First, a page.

Progress Update: #34 Read all the BBC Top 100 books

This is not one of the ‘big bang’ challenges!  Instead reading my way through these books is an endurance challenge, going on in the background all the time.  For the last few months I haven’t read ANYTHING unless it was on the Top 100 list.  To be frank however, progress has not exactly been lightning.  In fact, unless I step it up a bit, this is the challenge that’s at risk of beating me!

When I last posted (back in June) I had just finished wading my way through Anna Karenina.  No word of a lie, when I took that back to the library the self-service computer returns desk actually said “one book at a time please”…

Since June I have managed four more books.  After the strain of Tolstoy I thought I’d cross off a couple of the ‘childrens books’ on the list hoping they’d be an easier read.  Or, at least, slimmer.  First up was Lord of the Flies.  One word:  DISTURBING.  I can see why it’s a classic, once read you’re never going to forget it.  What I can’t believe is that they let children read this.  Nightmares anyone?  Thoroughly scary because it’s threateningly believable.  Just how thin is the veneer of civilisation?

Hoping for something a little more palatable I tried to look for some childrens classics like Black Beauty, Charlie and the Chocolate Factory or a bit of Roald Dahl, only to discover that the library appears not to bother with these wholesome staples anymore.  Instead there’s row upon row of wizards, vampires and materialistic American rubbish.  I’ve subsequently been combing charity shop shelves for the classics I remember from my childhood and sadly I’m struggling to find them.

Back in the library, I found myself instead in the Young Adult section looking at the Jacqueline Wilson’s.  Four have made the Top 100:  Girls In Love, Double Act, The Story of Tracy Beaker and Vicky Angel.  I made a start with Girls in Love.  I’ll admit I’m not the target audience for these books but I was a bit shocked.  Judy Blume it is not!  Never mind “I must, I must, I must, increase my bust”, these ‘Girls’ were more preoccupied with underage sex.  In a book targeted at the 12+ age group, I’m guessing this must be enough of an issue for pre teens for it to be written about.  I find that quite scary.  I’m a) obviously out of touch, b) very pleased I don’t have daughters and c) not looking forward to meeting Tracy Beaker.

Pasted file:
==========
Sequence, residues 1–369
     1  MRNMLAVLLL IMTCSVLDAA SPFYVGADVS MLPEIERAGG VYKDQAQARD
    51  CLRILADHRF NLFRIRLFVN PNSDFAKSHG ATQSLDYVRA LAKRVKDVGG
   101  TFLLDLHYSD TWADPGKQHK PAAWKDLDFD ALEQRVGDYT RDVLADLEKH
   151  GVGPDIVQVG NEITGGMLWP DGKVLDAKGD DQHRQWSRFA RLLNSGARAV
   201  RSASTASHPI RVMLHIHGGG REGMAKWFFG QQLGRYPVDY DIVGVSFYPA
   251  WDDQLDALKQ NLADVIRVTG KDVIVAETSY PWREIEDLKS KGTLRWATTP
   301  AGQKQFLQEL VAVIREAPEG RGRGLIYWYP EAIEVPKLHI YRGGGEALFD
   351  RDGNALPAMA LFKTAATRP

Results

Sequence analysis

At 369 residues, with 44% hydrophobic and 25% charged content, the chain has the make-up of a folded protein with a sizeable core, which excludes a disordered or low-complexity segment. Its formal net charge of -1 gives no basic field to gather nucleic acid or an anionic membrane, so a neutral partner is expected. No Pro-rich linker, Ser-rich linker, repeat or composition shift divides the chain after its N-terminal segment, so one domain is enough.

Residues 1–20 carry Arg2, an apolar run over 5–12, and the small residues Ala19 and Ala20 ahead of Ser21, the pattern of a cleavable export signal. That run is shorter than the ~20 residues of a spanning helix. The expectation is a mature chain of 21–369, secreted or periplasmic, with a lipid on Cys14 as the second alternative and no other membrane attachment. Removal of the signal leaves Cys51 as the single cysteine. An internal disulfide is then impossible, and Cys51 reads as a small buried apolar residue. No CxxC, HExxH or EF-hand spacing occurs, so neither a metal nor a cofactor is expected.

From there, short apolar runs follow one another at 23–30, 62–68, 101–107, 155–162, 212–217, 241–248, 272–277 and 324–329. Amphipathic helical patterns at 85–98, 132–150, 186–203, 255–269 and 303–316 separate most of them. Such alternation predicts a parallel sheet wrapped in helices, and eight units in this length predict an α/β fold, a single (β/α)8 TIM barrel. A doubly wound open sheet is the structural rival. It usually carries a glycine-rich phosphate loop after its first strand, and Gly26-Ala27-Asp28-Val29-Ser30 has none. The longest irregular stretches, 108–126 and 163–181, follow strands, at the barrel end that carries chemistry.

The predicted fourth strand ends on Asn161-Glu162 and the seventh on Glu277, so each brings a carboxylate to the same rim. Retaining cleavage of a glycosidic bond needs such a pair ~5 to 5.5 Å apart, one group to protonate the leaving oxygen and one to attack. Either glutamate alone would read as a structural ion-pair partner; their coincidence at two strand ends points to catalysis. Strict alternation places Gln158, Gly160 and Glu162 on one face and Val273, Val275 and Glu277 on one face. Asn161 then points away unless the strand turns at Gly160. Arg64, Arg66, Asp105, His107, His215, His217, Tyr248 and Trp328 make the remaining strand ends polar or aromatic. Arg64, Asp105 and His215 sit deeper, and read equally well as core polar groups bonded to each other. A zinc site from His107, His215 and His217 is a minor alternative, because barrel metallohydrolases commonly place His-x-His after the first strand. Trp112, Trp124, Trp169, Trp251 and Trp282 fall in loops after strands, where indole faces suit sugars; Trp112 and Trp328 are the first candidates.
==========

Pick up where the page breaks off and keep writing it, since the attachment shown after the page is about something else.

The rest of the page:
Next up was Mario Puzo’s The Godfather.  A totally different proposition, I couldn’t put this one down.  A gripping thriller to start with at least, even if it did peter out a bit towards the end.  I’ve never seen the film so although I’m familiar with the references to horse’s heads and beds in connection with the Mafia, I still didn’t see it coming.  Just brilliant.  I recommend the read.

The fourth was, improbably, even more tedious than Anna Karenina.  The Raggered Trousered Philanthropists:  a political polemic based on painting and decorating.  Frankly, watching the paint dry would have been more interesting.  Another one requiring multiple library renewals.  It took so long to read because it kept sending me to sleep but after what felt like months the best thing about it was returning it to the shelf.

These four take me to 68 of the list read.  Next up is Of Mice and Men.  It’s thin.  Watch this space…

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One response to “Progress Update: #34 Read all the BBC Top 100 books”

  1. Arietta Bryant says :

    If you still desire some Dahl we have pretty much all of it in audio and paperback and you’d be welcome to borrow 🙂

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